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Seven Pillars of Statistical Wisdom

Proverb IX:1 “Wisdom has built her house; she has hewn out its seven pillars.”

Based on the Proverb IX:1, Stephen Stigler, a statistician and historian, published a book entitled ”The Seven Pillars of Statistical Wisdom” in March 2016 by the Harvard University Press. The seven pillars of statistical wisdom are Aggregation, Information, Likelihood, Intercomparison, Regression, Design and Residuals.

In the age of big data, it seems to many that statistics lost the battle of new gold digging wave: Data is information, hence is money. From the famous 4v (volume, velocity, variety and veracity) to 1V (Value), everyone is rushing and investigating to dig out the big V using the conventional data-driven statistical analysis. What is neglected is the validity of the conventional model selection procedure under the big data assumption. Thus, in order to make valid conclusion of the model selected, it is important to realize that what we produce should be reproducible.  For this purpose, we need to stand firm with inference, rather than just pick what is good and fool oneself. Ioannidis had realized a decade ago that most scientific discoveries are false and published a paper “Why most published research findings are false”to warn the readers to correctly use statistical inference. But it didn’t have much effect. Numerous scientific results are still published just based on empirical case studies with no assurance of reproducible property. Furthermore, the data  used for publication are kept as private assets, though most of them are federal funded projects. There is no way to reproduce the results as reported. Recently, ASA issued six principles of using p-value to prevent misuse of  p-value for false statistical inference. The USA national science foundation has adopted the recommendation from “The Mathematical Sciences in 2025” published by the National Academies Press. That is, for Big Data analysis, correct inference after massive data snooping is required. Berk et al. (2016) pointed out that the common practice in big data analysis are data-driven and the conventional statistical inference based on the selected model  is generally invalid. Thus, Post-Selection Inference is required. In their paper, the authors proposed simultaneous inference and hence suitably widening conventional confidence and retention intervals which are proven to be universally valid under all possible model selection procedures. Tibshirani‘s recent publication on Statistical Learning with Sparsity has included a chapter on “Statistical Inference” which collected the most recent development on “Post-Selection Inference”.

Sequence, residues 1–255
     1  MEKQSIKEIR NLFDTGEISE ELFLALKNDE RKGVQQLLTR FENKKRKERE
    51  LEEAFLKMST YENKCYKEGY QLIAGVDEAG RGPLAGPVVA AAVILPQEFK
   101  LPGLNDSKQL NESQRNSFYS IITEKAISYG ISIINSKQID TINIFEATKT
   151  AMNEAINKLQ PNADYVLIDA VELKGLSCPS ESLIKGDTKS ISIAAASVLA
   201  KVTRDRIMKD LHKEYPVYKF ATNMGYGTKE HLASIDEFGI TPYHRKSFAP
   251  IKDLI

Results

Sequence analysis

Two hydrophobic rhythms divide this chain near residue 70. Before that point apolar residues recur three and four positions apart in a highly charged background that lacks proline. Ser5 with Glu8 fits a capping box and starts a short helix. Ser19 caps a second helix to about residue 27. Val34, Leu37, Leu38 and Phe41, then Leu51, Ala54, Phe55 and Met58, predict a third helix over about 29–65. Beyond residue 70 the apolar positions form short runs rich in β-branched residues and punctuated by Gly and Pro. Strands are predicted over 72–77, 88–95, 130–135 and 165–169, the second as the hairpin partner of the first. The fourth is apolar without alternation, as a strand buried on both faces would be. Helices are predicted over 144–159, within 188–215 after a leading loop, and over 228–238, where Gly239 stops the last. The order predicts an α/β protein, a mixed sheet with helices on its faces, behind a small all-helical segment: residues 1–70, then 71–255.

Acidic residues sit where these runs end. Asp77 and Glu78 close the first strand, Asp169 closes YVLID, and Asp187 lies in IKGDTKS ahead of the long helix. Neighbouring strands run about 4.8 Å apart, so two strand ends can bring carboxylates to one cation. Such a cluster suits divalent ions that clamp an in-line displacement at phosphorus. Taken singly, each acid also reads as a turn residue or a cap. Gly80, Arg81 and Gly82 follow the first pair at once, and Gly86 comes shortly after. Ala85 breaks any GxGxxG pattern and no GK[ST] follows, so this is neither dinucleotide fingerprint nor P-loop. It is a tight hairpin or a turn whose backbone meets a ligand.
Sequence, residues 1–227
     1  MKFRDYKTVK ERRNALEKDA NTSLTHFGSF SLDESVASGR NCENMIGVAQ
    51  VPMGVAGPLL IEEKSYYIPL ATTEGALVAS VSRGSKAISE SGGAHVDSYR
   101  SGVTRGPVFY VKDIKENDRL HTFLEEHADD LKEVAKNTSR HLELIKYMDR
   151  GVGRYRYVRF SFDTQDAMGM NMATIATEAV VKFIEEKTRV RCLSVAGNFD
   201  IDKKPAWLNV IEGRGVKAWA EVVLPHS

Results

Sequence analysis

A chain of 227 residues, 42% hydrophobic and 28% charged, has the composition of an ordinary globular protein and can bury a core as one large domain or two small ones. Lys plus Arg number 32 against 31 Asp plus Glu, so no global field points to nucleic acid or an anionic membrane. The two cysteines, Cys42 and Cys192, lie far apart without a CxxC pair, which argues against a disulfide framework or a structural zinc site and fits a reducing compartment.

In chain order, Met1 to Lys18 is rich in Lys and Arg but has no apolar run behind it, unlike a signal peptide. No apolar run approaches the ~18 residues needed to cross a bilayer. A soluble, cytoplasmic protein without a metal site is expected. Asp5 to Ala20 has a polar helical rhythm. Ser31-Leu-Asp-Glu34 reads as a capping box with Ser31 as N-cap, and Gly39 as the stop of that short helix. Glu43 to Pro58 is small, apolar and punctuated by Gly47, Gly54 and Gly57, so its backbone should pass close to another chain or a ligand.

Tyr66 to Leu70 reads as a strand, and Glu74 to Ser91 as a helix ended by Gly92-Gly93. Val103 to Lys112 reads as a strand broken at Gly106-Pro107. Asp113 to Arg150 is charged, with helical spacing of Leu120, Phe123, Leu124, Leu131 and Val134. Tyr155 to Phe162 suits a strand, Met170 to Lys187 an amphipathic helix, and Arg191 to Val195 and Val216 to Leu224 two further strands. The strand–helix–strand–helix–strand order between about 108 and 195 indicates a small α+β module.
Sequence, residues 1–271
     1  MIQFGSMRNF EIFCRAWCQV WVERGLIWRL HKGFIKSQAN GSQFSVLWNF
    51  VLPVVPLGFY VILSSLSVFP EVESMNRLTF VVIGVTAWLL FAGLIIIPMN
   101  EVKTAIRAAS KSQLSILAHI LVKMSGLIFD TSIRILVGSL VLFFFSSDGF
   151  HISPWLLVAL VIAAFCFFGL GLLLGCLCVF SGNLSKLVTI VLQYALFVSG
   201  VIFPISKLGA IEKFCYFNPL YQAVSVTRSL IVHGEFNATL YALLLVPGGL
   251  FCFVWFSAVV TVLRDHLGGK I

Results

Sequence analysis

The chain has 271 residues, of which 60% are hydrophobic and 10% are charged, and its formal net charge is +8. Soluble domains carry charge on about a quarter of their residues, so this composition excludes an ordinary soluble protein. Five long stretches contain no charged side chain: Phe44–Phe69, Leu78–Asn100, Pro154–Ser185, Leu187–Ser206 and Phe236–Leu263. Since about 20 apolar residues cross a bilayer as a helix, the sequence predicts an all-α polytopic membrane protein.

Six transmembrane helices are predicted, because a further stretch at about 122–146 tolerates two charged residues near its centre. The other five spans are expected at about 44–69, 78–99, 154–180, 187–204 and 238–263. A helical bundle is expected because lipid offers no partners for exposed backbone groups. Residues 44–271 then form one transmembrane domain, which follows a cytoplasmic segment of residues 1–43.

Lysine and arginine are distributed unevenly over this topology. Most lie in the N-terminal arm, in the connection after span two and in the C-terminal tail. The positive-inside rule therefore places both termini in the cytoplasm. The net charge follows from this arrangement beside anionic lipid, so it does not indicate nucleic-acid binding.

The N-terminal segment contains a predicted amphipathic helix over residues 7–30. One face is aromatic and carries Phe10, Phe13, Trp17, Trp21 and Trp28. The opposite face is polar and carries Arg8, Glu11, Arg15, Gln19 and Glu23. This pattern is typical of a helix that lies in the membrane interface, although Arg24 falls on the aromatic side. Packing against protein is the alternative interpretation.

Tap Water vs Bottled Water

Most people would think that bottled water is better than tap water and I do think this way too. My husband bought two big packages of bottled water every week just because we thought bottled water is much better than tap water. But this morning I heard from radio that bottled water is nothing but unfiltered tap water with less testings and 1000 more expensive. Is it true?

I went online and found that the finding is not new. Here is what I found: Believe or not, it is well researched that filtered tap water is better than bottled water. Why do we spend more on bottled water anymore?  Please read:


Dr. Lianfen Qian

Dr. Lianfen Qian received her Ph.D. in Statistics from Michigan State University in 1996. She has more than thirty years of teaching and consulting experience in statistics and data learning since 1984.

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